Trials investigating the role of mesenchymal stem cells (MSCs) in increasing ejection fraction (LVEF) after acute myocardial infarction (AMI) have raised some controversies. This study was conducted to find whether transplantation of MSCs after AMI can help improve myocardial performance indices or clinical outcomes.
Randomized trials which evaluated transplantation of MSCs after AMI were enrolled. The primary outcome was LVEF change. We also assessed the role of cell origin, cell number, transplantation time interval after AMI, and route of cell delivery on the primary outcome.
Thirteen trials including 956 patients (468 and 488 in the intervention and control arms) were enrolled. After excluding the biased data, LVEF was significantly increased compared to the baseline among those who received MSC (WMD = 3.78%, 95% CI: 2.14 to 5.42, p < 0.001, I2 = 90.2%) with more pronounced effect if the transplantation occurred within the first week after AMI (MD = 5.74%, 95%CI: 4.297 to 7.183; I2 = 79.2% p < 0.001). The efficacy of trans-endocardial injection was similar to that of intracoronary infusion (4% [95%CI: 2.741 to 5.259, p < 0.001] vs. 3.565% [95%CI: 1.912 to 5.218, p < 0.001], respectively). MSC doses of lower and higher than 107 cells did not improve LVEF differently (5.24% [95%CI: 2.06 to 8.82, p = 0.001] vs. 3.19% [95%CI: 0.17 to 6.12, p = 0.04], respectively).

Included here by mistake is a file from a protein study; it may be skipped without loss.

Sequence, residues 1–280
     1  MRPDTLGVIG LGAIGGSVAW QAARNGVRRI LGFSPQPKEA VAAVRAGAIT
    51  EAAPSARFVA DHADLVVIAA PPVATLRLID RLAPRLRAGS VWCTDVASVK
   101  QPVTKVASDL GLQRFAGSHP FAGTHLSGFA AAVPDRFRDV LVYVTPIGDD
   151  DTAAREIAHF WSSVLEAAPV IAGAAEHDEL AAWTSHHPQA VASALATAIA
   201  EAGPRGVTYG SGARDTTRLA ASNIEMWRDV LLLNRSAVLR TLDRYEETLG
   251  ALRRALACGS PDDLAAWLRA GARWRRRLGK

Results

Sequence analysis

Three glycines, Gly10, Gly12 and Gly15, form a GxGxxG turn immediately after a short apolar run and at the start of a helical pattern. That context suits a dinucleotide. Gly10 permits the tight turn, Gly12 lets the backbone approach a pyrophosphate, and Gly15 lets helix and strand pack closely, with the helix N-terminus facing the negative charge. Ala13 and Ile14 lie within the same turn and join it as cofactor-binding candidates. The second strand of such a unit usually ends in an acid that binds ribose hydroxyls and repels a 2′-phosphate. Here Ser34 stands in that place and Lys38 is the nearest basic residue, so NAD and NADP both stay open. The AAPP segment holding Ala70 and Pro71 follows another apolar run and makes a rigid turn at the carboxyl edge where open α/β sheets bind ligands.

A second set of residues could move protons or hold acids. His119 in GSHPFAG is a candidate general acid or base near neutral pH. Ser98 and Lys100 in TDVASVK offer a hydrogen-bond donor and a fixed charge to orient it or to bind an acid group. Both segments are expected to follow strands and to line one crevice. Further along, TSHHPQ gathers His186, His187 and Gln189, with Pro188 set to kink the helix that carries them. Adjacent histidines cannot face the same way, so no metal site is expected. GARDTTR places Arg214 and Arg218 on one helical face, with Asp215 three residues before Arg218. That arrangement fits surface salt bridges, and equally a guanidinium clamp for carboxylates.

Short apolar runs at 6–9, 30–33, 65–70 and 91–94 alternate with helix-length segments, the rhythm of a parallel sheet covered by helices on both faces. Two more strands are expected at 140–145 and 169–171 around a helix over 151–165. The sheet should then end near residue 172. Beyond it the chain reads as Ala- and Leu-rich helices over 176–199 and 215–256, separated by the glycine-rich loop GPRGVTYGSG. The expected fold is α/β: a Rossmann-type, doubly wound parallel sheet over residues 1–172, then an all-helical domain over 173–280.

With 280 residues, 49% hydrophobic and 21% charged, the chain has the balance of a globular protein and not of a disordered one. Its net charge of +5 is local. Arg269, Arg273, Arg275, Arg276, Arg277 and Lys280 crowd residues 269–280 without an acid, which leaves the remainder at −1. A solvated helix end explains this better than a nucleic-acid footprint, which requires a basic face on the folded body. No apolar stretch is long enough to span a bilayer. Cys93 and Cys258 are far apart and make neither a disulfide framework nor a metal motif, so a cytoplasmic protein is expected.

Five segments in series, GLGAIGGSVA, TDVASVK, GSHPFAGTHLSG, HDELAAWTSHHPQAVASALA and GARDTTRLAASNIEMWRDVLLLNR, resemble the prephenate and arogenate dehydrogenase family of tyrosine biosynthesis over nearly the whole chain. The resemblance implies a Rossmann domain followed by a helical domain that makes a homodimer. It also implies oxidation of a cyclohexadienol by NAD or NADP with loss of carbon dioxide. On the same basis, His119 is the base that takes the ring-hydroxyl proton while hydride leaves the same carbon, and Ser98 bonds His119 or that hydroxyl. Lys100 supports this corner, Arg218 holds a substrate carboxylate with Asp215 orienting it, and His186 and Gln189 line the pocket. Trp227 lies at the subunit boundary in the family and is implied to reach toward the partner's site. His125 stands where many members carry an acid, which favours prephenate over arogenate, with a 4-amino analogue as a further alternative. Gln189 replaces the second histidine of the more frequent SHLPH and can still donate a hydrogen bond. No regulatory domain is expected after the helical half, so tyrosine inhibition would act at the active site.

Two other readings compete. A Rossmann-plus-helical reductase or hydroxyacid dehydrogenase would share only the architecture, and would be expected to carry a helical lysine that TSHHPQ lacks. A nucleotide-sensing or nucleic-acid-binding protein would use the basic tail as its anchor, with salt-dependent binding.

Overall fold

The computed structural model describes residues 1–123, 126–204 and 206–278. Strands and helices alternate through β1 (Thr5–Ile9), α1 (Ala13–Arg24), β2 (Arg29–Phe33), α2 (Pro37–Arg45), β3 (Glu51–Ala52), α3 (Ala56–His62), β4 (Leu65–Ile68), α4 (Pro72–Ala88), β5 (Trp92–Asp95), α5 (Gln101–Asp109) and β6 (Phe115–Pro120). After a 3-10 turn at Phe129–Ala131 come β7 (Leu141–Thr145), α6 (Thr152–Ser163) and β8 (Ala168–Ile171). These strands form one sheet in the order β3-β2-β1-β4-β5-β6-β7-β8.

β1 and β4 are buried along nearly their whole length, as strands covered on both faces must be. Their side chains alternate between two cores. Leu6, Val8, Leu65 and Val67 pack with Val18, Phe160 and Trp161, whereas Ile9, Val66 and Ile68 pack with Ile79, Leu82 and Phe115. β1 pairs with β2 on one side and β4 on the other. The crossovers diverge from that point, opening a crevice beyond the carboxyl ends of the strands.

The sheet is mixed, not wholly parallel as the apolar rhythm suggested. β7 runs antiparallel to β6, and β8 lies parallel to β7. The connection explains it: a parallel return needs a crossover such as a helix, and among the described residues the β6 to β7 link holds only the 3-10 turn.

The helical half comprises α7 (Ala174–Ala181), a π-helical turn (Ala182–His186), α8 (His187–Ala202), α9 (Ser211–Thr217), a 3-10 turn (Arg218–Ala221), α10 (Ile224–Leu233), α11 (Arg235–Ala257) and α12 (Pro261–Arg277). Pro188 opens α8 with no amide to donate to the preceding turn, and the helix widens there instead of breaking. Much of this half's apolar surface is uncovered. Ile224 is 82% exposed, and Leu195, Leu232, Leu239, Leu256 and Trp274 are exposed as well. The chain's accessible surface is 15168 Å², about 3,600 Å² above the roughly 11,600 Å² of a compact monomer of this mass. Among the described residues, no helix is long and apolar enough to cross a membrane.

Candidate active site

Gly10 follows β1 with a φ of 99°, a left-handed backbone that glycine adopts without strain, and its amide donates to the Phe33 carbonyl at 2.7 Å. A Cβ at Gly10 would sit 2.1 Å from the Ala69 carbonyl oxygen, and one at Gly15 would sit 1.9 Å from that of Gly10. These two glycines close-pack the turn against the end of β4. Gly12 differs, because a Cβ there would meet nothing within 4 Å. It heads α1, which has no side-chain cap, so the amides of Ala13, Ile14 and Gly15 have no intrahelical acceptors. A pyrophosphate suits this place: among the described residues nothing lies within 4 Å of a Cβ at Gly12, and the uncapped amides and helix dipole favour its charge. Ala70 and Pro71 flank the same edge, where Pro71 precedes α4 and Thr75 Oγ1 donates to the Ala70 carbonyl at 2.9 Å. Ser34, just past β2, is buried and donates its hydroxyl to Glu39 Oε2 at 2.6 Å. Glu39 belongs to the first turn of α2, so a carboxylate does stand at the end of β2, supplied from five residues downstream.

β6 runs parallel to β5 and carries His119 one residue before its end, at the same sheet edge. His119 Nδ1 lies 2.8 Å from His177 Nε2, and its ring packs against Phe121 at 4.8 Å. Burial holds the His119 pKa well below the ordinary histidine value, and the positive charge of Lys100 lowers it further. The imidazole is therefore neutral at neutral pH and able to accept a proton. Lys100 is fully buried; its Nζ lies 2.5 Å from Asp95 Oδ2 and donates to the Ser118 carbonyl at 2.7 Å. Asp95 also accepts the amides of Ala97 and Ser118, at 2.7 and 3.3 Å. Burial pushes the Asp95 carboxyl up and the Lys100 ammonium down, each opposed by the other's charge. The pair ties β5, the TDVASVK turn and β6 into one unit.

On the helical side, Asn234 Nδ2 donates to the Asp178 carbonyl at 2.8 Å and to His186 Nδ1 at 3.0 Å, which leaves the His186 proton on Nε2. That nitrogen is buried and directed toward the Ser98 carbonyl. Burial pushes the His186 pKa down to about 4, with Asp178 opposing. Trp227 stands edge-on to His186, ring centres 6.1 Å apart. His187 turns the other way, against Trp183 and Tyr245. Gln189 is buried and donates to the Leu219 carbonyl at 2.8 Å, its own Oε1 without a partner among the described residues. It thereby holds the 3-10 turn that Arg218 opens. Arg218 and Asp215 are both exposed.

Transplantation of MSCs after AMI significantly increases LVEF, showing a higher efficacy if done in the first week. Further clinical studies should be conducted to investigate long-term clinical outcomes such as heart failure and cardiovascular mortality.